For only a little more than two months now, Vance McDonald can finally take a breath. Getting dealt from San Francisco to Pittsburgh not even two weeks before the regular season began meant a year of trying to catch up. Move the family, learn the playbook, figure out where the heck the bathrooms are at the practice facility. Now, he has a couple months to digest everything and prepare for his first training camp in Latrobe.
“Yeah my wife and I still almost joke about that,” he told Steelers.com’s Missi Matthews. “”We haven’t even done this.’ I don’t think we could name three restaurants within a five mile radius of our house yet. There’s so many things a conventional offseason would give you. We haven’t had that experience yet. It was definitely fast paced.”
What won’t be as fast paced is the city of Pittsburgh. At least, not compared to San Francisco, as McDonald pointed out in this interview and in others.
“It reminds us a lot of home,” he said of his time so far in the city. “It didn’t take us long to start saying that. We got into a great neighborhood north of Pittsburgh. You’re driving through the neighborhood and everyone has Terrible Towels out and Pittsburgh flags and you’re like, ‘dang, you don’t see this out in Silicon Valley.’ It reminds us a lot of home. The people here are so amazingly friendly and considerate and compassionate. They love football.”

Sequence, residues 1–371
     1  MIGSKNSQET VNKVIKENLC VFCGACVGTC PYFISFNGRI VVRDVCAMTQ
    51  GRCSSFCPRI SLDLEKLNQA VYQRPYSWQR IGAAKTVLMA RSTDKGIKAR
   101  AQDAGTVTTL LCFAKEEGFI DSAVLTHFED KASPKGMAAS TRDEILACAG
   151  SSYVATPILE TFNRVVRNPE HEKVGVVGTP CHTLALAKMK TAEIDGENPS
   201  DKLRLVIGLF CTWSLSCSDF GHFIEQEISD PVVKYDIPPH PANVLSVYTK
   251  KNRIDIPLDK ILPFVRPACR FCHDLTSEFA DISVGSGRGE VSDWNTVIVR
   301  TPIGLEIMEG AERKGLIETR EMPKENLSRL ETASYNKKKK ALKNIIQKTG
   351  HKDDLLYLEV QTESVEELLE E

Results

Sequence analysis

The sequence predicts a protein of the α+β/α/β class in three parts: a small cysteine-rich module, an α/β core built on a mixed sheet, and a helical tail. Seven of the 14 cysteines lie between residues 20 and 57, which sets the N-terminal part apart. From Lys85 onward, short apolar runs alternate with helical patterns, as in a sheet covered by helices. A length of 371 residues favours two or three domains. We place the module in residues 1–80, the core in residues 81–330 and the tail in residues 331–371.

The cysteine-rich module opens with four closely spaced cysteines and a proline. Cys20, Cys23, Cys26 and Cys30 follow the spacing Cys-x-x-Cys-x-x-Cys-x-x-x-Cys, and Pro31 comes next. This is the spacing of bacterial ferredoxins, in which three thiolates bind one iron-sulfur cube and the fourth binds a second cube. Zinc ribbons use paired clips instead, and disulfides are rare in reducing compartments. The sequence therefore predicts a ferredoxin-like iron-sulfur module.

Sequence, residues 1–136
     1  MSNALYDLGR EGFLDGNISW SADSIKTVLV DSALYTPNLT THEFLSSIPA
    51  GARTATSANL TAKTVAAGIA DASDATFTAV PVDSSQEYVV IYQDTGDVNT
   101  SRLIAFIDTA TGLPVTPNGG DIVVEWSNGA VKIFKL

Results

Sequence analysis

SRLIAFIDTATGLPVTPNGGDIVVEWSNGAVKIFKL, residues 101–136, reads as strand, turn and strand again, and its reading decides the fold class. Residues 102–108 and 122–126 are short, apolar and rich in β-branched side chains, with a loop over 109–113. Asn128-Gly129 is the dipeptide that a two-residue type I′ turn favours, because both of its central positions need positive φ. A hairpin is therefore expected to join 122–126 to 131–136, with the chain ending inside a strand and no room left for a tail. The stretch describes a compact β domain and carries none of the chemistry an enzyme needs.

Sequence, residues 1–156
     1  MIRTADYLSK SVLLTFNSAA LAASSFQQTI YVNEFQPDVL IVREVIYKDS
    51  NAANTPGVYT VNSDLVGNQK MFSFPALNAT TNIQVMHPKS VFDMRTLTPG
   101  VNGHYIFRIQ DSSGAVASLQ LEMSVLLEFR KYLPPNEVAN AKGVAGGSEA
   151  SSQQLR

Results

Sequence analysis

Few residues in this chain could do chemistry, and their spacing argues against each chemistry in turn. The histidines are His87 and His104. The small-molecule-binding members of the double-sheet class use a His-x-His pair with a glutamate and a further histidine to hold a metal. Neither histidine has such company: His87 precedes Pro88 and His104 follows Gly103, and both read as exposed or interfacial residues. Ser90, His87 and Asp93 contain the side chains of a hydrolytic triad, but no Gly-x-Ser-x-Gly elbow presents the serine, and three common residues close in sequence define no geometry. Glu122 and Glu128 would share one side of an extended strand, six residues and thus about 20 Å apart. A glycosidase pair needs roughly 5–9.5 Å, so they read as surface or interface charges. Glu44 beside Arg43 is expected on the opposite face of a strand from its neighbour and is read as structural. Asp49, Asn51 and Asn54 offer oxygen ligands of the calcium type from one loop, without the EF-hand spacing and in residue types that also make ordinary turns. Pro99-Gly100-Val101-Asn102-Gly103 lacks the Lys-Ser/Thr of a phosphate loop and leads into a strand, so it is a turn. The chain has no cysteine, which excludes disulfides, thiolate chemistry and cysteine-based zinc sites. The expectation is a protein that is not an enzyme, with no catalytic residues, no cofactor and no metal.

Home for McDonald is not San Francisco. It’s Winnie Texas, population roughly 3,000. McDonald stayed local for college, playing at Rice University, before the culture shock of San Fran. After leaving Candle Stick, their new stadium isn’t even close to the city; it’s in Santa Clara, a solid hour away if you’re lucky. Heinz Field, of course, is smack dab in the middle of the city, a neighbor to PNC Park and a stone’s throw from where the Penguins play. A welcomed sight for someone like McDonald.
Another welcomed sight will be training camp. That’s rare for a veteran to say but for McDonald, it’s a time to work on the details and truly feel comfortable in the offense.
“I’m pumped…it adds so much value to not only the camaraderie but what you can expect between players, building relationships with them. Something we already have a lot of here, accountability. Being able to ride on that ship with them, not just being thrown in right at the last second before you set sail. Having that whole year of plays, practice, adversity, the grind, working out. Embracing the parts of football that aren’t so glamorous like training camp. It adds a lot to it.”
It’s refreshing to hear someone be excited about training camp. Though I predict that after three weeks of the sweltering Latrobe sun and dorm room beds barely long enough, he’ll be happy to get back home.